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COUNTY REPORT / Rebuilding the Economy : Businesses Adapting to a New Climate : Labor: Workers displaced by the devastation of the past four years are shifting gears, striking out on their own or transferring old job skills to new professions.


Three years ago, with defense dollars drying up and the aerospace industry in full sputter, APS Systems traded its swords for plowshares to avoid being ground up by a peacetime economy.

In the same warehouse where it had helped tune the nation's military engine, the Oxnard aerospace firm began building electric buses. While a neighboring defense contractor shut its doors, APS was busy designing the first battery-powered school bus in the country.

Even as Ventura County was losing about one of every five of its defense-related jobs over the past four years, the changes at APS helped put engineers, machinists and welders to work.

And the same phenomenon of change that gave new life to companies throughout the county was also working at the personal level--as thousands of residents adjusted to the troubled economic times.

For Newbury Park resident John Thatcher, change meant finding a new career. Thatcher will be unemployed in August, when the Canoga Park aerospace company that he joined straight out of high school moves out of state. But, as others, Thatcher is changing with the times, preparing to transfer his skills to the computer industry or another evolving field.

"With my age and where I am in life, they're not jamming many people into the job market," said Thatcher, 51. "You learn to adapt and you just pray that the economy is going to take an upshot."

That might, in fact, be happening. After sliding headlong into the depths of recession, Ventura County's economy is rebuilding and showing signs of recovery.

There are over 12,000 more county residents working today than there were a year ago. Housing sales are climbing, while unemployment continues to dip. Commercial buildings are filling, with vacancy rates plunging to some of the lowest levels since before the great slump of the early '90s.

Building activity is on the rise, as real estate speculators look into the future and for the first time in years don't cringe at what they see.


These are some of the classic measurements of economic health. But the local economy also can be measured by how it has adapted to the devastation of the past four years.

In many ways, Ventura County's economy is being reinvented. New business opportunities are surfacing even as the old ones fold up or move away.

Workers displaced by the economic downturn are shifting gears, striking out on their own or transferring old job skills into new professions. Many companies have survived the hard times by overhauling the way they do business, tying into expanding technologies and service fields that promise to rebuild the economy and lead it into the 21st Century.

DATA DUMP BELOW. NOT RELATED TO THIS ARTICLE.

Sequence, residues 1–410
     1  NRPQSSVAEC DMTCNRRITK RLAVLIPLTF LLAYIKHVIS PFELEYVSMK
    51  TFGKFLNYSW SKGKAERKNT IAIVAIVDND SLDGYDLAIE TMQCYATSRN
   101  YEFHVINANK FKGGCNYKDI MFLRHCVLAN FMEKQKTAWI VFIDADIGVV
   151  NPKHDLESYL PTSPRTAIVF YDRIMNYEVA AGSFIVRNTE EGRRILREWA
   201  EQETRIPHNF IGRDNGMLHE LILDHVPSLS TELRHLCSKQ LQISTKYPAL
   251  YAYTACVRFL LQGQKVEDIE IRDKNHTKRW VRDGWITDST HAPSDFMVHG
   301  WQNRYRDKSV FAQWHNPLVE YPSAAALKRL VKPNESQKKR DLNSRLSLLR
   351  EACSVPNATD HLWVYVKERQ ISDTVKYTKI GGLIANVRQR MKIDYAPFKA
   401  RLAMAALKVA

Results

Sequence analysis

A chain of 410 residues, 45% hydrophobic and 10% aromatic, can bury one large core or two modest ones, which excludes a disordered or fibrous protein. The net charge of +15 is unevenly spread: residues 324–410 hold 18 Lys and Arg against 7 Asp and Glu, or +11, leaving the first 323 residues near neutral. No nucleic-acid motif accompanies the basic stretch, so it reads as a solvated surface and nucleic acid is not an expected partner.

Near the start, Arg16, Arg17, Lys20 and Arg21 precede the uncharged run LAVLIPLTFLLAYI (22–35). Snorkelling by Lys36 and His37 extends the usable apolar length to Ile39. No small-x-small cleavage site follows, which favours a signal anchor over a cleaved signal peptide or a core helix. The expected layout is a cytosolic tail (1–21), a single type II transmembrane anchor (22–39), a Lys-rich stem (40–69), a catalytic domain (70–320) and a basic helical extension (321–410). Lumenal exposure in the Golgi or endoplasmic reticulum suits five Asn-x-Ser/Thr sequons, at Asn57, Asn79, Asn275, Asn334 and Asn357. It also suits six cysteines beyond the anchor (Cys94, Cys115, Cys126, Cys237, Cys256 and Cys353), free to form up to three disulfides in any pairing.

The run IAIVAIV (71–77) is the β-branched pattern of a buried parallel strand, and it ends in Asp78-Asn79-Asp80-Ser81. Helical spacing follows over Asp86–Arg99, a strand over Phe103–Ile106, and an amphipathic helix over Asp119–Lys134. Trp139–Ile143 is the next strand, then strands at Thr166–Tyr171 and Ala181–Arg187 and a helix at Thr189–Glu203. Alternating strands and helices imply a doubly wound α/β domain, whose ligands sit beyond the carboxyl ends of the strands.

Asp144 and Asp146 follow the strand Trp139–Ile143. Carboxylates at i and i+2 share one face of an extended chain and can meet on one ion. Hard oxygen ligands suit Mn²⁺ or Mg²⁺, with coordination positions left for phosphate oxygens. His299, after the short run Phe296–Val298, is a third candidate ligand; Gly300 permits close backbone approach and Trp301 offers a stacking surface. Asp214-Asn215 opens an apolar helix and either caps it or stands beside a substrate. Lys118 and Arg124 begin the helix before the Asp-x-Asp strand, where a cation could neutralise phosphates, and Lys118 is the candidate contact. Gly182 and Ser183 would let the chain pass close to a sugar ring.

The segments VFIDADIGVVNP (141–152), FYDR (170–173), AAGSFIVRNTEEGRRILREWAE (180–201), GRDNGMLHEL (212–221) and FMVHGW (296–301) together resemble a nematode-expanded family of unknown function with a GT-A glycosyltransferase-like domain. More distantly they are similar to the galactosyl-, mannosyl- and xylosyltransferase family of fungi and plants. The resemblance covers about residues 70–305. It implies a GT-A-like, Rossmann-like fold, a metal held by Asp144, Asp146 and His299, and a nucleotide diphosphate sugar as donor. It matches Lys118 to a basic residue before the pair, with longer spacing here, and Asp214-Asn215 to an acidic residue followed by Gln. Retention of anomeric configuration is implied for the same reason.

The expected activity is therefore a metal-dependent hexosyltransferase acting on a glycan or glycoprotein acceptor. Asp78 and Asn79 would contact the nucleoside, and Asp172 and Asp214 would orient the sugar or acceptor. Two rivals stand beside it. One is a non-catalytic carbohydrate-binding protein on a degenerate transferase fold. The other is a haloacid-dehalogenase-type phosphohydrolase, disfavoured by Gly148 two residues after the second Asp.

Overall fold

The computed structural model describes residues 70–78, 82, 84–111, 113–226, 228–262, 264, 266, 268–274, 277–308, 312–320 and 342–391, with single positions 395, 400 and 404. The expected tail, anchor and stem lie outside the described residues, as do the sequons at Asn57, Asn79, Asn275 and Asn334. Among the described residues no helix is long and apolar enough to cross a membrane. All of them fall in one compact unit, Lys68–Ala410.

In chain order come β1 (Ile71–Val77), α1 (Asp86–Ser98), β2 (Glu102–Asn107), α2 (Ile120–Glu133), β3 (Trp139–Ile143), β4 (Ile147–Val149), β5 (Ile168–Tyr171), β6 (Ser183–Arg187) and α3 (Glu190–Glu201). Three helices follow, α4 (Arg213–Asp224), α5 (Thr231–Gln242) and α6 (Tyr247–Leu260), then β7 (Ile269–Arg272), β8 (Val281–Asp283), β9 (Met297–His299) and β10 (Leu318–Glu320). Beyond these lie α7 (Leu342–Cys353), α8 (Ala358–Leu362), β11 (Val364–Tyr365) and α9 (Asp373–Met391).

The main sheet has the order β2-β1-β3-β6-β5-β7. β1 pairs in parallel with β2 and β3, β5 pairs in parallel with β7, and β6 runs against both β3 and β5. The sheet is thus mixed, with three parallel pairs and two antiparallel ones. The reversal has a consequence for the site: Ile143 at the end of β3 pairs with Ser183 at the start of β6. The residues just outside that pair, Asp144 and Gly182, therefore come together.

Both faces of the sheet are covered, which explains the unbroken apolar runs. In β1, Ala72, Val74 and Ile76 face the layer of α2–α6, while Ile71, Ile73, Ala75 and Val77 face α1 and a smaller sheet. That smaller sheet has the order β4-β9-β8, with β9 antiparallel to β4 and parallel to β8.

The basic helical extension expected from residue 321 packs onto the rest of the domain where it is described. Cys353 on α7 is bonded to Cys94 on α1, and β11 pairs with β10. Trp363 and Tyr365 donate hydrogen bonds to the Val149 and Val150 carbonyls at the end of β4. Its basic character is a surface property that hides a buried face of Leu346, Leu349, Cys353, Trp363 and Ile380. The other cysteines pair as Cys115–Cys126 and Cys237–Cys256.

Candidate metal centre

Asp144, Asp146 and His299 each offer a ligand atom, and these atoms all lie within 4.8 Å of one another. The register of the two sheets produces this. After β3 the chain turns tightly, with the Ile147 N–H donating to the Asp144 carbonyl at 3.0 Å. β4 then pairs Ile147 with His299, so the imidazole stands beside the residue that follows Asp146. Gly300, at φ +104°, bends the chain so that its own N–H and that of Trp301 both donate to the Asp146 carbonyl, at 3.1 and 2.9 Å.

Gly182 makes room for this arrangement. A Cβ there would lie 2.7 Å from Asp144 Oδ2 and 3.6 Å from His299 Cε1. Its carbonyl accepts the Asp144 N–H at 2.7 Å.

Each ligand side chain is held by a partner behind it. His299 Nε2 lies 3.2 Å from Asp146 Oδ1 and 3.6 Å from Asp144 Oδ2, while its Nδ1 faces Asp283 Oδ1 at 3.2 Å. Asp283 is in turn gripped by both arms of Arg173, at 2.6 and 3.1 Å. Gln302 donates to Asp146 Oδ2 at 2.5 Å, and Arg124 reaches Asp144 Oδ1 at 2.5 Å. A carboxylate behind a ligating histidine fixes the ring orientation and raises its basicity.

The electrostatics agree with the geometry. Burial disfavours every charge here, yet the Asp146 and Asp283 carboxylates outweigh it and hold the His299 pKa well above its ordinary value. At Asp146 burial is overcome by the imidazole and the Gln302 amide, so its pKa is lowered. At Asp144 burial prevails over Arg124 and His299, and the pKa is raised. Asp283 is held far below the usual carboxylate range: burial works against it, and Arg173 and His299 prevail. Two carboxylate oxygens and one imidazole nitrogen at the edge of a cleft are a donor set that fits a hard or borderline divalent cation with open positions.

And there is growing enthusiasm on the potential for increased traffic at the expanding Port of Hueneme, the possible development of a commercial airport at Point Mugu Naval Air Station and the proposed construction of a state university near Camarillo.

So just how far along is the local recovery?

At a business gathering last month hosted by the Ventura County Economic Development Assn., association board member Bill Simmons summed it up this way: "If there was a 12-step process to (economic) recovery, we would be at Step 1: We now realize we have a problem."

Others measure the recovery by how businesses have survived the carnage of recent years.

"It looks like the business climate is at least beginning to solidify its losses," said Mark Schniepp, director of UC Santa Barbara's Economic Forecast Project. "It is a turnaround, but it's nothing you should pop champagne bottles over yet."

Still, even a slight upturn is a welcome break from the four-year barrage of bleak economic news.

Since 1990, the county's unemployment rate has more than doubled, soaring to a high of 10.4% before settling at its current rate of 8.4%. Retail sales fell 15% while the median housing price plummeted $65,000, a 24% decrease.


In the past four years, Ventura County has lost more than 10,000 jobs, resulting in a massive restructuring of the county's work places.

Over the past two decades, there had been a steady increase in the number of firms employing 250 workers or more. But starting in 1991, during the heart of the recession, the number of large firms dropped off dramatically while the number of firms employing fewer than 50 people increased.

"A drastic reduction and downsizing is happening," explained Jamshid Damooei, an economics professor at Cal Lutheran University in Thousand Oaks.

"It says to me that what we are losing are high-tech wages and that's going to have an effect on the purchasing power in the county."

To be sure, the county's diversified economy has helped it ward off hard times better than many of its neighbors.

Agriculture remains one of the county's strongest industries, even though last year's $722-million crop was one of the poorest in years. The Navy remains the county's top employer, putting to work nearly 15,000 civilian and uniformed personnel at Point Mugu and Port Hueneme.

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